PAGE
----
Hawaii is a stretch of soft warm sand embraced by the restless ocean. It is the morning mist caressing the forests of towering bamboos, an energetic market place of exotic fragrances and languages of a number of nations, the exquisite cuisines of the world, the ancient culture thriving in the modern period, the paradise.
Hawaii is the archipelago of eight major islands: Nihau, Oahu, Kauai, Lanai, Molokai, Kahoolawe, Maui and Hawaii, and some small islets. Nihau, also known as the forbidden island, is the smallest among the seven inhabited islands of Hawaii and is a mysterious place for the outsiders.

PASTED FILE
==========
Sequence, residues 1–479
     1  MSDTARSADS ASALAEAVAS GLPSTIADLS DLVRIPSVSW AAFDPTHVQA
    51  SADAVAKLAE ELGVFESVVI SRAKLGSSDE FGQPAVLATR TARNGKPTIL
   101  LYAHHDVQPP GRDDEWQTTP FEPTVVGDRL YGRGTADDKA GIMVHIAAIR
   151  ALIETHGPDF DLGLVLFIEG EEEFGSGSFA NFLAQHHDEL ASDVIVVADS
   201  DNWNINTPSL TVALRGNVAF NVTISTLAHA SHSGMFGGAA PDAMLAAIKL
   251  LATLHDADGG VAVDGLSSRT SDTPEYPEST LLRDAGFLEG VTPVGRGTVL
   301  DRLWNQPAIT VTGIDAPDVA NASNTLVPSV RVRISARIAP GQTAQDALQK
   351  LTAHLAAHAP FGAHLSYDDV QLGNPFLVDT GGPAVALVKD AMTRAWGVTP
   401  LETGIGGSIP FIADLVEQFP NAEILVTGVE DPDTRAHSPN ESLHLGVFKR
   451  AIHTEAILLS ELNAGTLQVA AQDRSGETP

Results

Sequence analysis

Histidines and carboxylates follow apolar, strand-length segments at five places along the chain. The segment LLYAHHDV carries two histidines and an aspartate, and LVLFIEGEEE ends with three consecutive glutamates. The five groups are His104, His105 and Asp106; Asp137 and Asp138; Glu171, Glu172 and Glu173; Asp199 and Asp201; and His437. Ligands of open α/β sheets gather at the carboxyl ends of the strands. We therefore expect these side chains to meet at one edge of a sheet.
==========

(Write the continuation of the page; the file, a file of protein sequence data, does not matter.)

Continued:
Nihau is the island which accommodates the only natural lake on the Hawaii Islands, the Lake Halulu. It is located at the most north-western part of the Hawaiian islands, beyond Kauai. For more than hundred years, the access to Nihau has been limited to the Hawaiian families, who work on their sheep ranches and privately owned cattle.
It is a privately owned island of the Robinson family of the Kauai since 1864, and access is only limited to local families who work and live there and the relatives of these people. Tourists are also able to visit Nihau by way of limited supervised tours including hiking, hunting safaris and diving.